Why Finding a Bargain Makes Your Brain Feel Good
A phenomenon called Intermittent reinforcement encourages you to keep trying until you get what you want – like a designer purse at a great price.
We’ve all felt it – the rush that you get when you feel as though you got a really good bargain while shopping. Why does that happen?
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Psychologist Scott Bea, PsyD, says it’s all about intermittent reinforcement. Intermittent reinforcement is when you are rewarded inconsistently and occasionally. This usually encourages you to keep trying until you get what you want – like a designer purse at a great price.
“To understand that thrill of getting a really good bargain, we have to understand what’s going on in the human brain,” Dr. Bea says.
“It’s like you’re panning for gold — you have to sift through a lot of stuff to find the gold. Then, when you find the gold, it sets off the reward centers of your brain that makes you more likely to repeat the search.”
Many die-hard shoppers say they love the thrill of the hunt. That’s not too far from the truth, Dr. Bea says.
Anticipation of a reward releases dopamine, which are feel-good chemicals that transmit signals between the brain’s nerve cells, in the parts of the brain that keep you focused on gaining a prize. Finding a bargain ends the reward process. And so the bargain hunt begins anew to keep the good feelings going.
“There’s a little bit of a gambling kind of thing going because we are not going to be delighted every time we go out,” Dr. Bea says. “But every now and again, finding a bargain is going to reinforce that effort.”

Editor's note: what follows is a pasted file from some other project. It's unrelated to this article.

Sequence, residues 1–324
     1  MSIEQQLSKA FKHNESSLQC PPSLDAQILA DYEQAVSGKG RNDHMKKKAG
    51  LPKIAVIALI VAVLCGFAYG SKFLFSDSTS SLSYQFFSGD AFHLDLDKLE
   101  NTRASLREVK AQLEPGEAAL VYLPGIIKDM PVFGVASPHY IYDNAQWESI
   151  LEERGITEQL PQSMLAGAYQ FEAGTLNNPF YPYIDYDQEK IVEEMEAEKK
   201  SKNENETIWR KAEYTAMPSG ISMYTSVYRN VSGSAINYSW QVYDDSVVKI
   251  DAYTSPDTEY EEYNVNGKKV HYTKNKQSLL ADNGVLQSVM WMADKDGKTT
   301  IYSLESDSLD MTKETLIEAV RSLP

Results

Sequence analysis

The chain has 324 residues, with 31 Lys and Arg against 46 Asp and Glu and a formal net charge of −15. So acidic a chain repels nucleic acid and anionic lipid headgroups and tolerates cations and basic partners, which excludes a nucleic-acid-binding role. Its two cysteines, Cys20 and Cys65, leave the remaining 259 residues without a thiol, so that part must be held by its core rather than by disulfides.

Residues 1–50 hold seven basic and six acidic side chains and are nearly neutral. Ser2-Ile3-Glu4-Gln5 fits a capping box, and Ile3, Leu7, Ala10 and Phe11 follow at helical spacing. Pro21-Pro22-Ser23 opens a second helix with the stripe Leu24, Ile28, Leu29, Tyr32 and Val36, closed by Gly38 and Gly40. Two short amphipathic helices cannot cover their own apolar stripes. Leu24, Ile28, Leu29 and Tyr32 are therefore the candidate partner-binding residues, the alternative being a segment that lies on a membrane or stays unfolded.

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Check in with your emotions and your goals when you’re bargain-hunting, Dr. Bea says. If you use shopping to make yourself feel better, often buy things you don’t need or later regret, can’t pay down your credit cards, or can’t resist going to the store, you may be among the 7 percent of Americans who are compulsive shoppers.
“You’ll always want to pay attention, what does shopping do to my brain? And can I do this in ways that are healthy, helpful and engaging and do not cost me or get me in trouble somehow,” Dr. Bea says.
Some of the signs?
“When you’re too dedicated to it, when other parts of your life are going by the wayside. When it feels like that’s the only thing that really gives you delight or when your closet is way too full, you have way too much stuff coming in and not nearly enough stuff going out,” Dr. Bea says.
This often is how hoarders get in trouble, Dr. Bea says. They accumulate too many things and can’t decide what to get rid of. Sometimes they shop for bargains but they never use the things that they got for a steal.
“I’ve run into plenty of people who have stacks and stacks of new stuff they bought because it was a bargain. But they’ve never opened it. They never really had a real use for it,” Dr. Bea says. “So make sure if you’re shopping for a bargain, that it’s something that you’re really going to use.”
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